What fruits may be born of Pope Francis' visit to Morocco?

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What fruits may be born of Pope Francis' visit to Morocco?

CAMBRIDGE, Mass. — After visiting the United Arab Emirates in February, Pope Francis is leaving for another Muslim majority country, Morocco, March 30-31. In the video message Pope Francis recorded ahead of his visit, he told the Moroccan people that he is traveling there as “a pilgrim of peace and fraternity,” echoing the title of the recent “Document on Human Fraternity,” which he signed with Grand Imam of Al-Azhar Ahmed el-Tayeb. We asked Peter Dziedzic, Lay Centre alumnus and doctoral candidate in the study of religion at Harvard University, to share his thoughts about the upcoming visit.

This weekend, Pope Francis travels to Morocco, the first papal visit to the North African country since John Paul II’s visit in 1985. This trip comes in the wake of the pope’s visit to Abu Dhabi and the significant joint declaration, “Document on Human Fraternity,” by Pope Francis and the grand imam of Al-Azhar, Ahmed el-Tayeb. Such a statement displays the pope’s radical commitment to building cultures of fraternity through interreligious and intercultural dialogue, particularly with Muslims. What can we expect from the short, though significant, the papal visit to Morocco?

Morocco was a commercial, political, cultural, and religious crossroads for centuries. Today, Morocco is at the centre of global migration and refugee networks. Many migrants and refugees from sub-Saharan Africa travel overland to Morocco, hoping to enter Europe — either by expensive, dangerous, and unregulated boats that ferry people to the Spanish and Italian coasts — or by crossing over the land borders of the Spanish enclaves in Morocco — Melilla and Ceuta. Many of these migrants are also Christians.

As a country in which 99 percent of people identify as Muslims, the presence of both migrants and Christians as “other” presents both a need for pastoral care and for building frameworks of human fraternity rooted in understanding and compassion, as urged by both Pope Francis and Ahmed al-Tayeb. Though Morocco’s Christian community is small, Pope Francis will spend time with both Muslim and Christian communities, as an ambassador of interreligious dialogue and as a pastor to the minority Christian community.

Given this situation, I think it is also important that the pope draws on the unique and deep spiritual resources of Morocco by also deepening Catholic dialogue with Sufi communities. Morocco was a centre of a unique and rich culture of Sufism (Islamic mysticism). Moroccan Sufis often have particular emphases on the presence of holy saints (“awliya”) in the world, saint visitation (“tabarruk”) as a medium of grace and healing, and the reality of blessings (“barakah”) that radiates from sacred persons and places. A very cursory and introductory study will reveal rich parallels with Catholic spirituality and theology.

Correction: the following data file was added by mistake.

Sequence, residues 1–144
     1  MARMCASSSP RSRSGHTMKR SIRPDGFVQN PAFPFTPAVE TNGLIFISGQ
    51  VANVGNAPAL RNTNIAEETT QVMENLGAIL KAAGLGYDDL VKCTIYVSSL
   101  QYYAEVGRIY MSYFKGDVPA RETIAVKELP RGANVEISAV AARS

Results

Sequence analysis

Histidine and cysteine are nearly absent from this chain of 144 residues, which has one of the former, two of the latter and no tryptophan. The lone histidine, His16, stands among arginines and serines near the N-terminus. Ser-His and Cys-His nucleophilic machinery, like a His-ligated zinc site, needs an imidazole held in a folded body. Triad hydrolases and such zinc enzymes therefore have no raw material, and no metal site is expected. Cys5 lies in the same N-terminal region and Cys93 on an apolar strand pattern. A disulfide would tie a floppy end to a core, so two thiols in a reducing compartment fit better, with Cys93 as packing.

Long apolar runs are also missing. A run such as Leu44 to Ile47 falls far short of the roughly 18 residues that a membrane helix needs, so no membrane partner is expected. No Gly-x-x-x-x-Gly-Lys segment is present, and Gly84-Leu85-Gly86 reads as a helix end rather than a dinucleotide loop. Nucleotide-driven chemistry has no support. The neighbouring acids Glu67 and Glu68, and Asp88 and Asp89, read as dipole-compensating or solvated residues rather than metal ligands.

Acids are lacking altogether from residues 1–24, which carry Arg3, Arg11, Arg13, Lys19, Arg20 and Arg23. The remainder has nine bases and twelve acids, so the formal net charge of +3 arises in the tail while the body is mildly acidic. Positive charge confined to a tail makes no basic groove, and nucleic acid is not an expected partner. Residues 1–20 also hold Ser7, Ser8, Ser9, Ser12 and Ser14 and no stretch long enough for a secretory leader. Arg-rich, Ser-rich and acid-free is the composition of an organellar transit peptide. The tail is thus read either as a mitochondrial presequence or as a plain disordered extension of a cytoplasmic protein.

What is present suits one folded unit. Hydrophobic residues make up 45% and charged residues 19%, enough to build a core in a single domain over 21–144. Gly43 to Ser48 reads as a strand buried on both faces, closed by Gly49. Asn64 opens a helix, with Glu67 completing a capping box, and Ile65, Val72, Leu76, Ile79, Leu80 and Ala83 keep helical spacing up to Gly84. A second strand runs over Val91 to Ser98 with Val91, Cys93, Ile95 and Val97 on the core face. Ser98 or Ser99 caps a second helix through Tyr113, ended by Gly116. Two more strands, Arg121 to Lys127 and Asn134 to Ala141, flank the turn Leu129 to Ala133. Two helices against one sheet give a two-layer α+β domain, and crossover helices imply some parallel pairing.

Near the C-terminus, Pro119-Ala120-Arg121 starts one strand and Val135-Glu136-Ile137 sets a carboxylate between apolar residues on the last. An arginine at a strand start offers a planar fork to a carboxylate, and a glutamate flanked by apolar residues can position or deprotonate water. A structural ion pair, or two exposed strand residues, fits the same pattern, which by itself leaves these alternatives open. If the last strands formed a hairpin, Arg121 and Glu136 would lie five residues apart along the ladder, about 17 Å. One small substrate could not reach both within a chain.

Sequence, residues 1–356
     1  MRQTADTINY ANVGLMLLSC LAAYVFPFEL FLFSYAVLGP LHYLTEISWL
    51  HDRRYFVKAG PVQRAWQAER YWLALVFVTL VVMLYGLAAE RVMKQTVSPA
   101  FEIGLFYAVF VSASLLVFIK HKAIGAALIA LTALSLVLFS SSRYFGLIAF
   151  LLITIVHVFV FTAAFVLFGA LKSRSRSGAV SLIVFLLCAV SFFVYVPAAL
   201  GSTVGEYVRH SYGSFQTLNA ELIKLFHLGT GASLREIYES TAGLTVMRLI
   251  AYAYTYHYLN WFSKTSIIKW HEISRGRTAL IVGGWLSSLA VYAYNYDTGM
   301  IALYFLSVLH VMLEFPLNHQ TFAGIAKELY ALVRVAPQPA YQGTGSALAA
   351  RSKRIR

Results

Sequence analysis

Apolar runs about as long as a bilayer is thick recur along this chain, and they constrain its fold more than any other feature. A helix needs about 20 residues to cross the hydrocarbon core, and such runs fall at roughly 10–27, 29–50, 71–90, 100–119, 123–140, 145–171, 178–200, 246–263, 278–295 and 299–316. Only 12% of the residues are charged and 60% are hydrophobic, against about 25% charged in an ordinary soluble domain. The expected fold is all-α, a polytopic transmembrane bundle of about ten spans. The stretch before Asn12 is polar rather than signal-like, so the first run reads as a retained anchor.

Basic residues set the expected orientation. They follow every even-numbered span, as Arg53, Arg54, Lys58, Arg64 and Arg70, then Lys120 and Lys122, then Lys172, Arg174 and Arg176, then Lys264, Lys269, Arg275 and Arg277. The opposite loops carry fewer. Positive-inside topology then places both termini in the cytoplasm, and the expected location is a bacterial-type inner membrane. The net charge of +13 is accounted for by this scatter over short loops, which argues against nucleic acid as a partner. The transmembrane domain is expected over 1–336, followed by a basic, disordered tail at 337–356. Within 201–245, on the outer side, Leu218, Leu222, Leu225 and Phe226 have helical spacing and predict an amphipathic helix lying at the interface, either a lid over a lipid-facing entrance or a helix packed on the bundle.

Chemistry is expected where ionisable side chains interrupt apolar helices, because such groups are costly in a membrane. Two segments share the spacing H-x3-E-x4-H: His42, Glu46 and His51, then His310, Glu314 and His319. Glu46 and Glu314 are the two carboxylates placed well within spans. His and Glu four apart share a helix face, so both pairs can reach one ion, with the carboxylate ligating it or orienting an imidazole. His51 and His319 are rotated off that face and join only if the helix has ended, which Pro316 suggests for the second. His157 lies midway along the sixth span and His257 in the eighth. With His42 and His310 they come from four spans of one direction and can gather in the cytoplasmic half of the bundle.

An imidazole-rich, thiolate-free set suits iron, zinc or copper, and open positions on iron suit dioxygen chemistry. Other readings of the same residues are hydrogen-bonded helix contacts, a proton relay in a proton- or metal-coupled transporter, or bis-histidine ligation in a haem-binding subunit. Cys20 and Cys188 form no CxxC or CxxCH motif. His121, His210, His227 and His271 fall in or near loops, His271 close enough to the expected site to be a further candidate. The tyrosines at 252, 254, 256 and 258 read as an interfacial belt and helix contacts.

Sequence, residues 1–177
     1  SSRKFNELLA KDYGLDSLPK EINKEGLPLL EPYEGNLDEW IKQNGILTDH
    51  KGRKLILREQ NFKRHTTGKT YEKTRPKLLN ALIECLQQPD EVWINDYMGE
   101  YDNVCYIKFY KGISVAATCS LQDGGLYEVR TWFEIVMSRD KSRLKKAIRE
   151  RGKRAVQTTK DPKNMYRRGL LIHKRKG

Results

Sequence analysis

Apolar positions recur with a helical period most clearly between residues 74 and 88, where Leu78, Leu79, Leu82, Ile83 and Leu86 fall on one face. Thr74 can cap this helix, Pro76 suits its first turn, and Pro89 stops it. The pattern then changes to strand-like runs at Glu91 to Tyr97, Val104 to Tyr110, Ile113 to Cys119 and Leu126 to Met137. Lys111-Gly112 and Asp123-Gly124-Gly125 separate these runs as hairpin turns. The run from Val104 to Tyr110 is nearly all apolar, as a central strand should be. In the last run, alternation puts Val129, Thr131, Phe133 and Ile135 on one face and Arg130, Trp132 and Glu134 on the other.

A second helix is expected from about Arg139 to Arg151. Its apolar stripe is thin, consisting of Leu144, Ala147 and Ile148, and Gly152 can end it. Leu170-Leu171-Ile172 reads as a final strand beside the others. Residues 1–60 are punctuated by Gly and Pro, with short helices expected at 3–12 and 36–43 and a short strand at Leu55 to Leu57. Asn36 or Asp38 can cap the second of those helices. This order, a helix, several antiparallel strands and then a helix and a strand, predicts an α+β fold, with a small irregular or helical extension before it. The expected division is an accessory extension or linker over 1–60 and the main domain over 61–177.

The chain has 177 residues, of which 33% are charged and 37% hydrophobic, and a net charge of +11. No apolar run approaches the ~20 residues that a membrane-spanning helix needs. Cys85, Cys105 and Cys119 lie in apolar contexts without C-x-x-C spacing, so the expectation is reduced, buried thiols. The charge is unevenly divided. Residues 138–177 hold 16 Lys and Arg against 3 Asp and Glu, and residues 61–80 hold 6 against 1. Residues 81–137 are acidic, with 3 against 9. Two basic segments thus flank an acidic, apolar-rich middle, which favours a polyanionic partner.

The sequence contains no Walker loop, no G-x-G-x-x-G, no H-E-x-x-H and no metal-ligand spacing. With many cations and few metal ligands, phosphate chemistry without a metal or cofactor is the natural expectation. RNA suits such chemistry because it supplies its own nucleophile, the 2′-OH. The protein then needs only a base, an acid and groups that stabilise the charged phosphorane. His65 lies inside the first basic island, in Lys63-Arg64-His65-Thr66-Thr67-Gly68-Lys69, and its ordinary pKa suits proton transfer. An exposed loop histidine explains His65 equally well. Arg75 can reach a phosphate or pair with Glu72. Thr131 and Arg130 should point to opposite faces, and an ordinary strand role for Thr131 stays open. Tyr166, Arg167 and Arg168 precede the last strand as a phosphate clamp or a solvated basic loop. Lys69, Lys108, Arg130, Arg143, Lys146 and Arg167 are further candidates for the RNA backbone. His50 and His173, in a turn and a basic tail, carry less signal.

The pope’s visit to a theologically and spiritually rich country presents unique opportunities to have interreligious conversations about sanctity and sanctification, particularly the sanctification of the world and of human relationships. Such concepts, which are central in both Moroccan Islam and Catholicism, offer concrete opportunities to deepen theological reflections on the sanctity of our shared world and of human communities. While this sort of theological dialogue may not be the main theme of the pope’s visit, it will certainly serve as a springboard for these necessary and rich conversations.

The challenging situation of Christians and migrants in Morocco, coupled with the unique resources of Moroccan Sufi spirituality, highlighted by the Pope’s visit, should serve as a call for Christians to deepen and extend their vocation as witnesses to God’s presence in the world.

How can Moroccan Sufism help Christians to appreciate the themes of stewardship and sanctity in their own tradition? How can the resources of Moroccan Sufism contribute to an interreligious dialogue of stewardship, fraternity, and fostering the sanctity of the world? Given the condition of Christian and migrant minority communities in Morocco, how might this encourage Christians to offer compassionate, constructive models for how religious minorities and migrants in Europe might be treated with dignity, rooted in a call for fraternity and stewardship?

I hope the pope’s courage to “go to the peripheries” of our religious understanding, of societies, and of human relationships will inspire Christians to consider the deep interreligious vocation to human fraternity. The pope’s visit to Morocco only solidifies this work and vocation for all of us.

Peter Dziedzic lived at The Lay Centre in 2013-14 as a Russell Berrie Fellow in Interreligious Dialogue and in 2016-2017 as a student at the PISAI. He researched Sufi poetry in Morocco under the auspices of a Fulbright grant and is interested in literature and poetry as sites of the interreligious and theological encounter.

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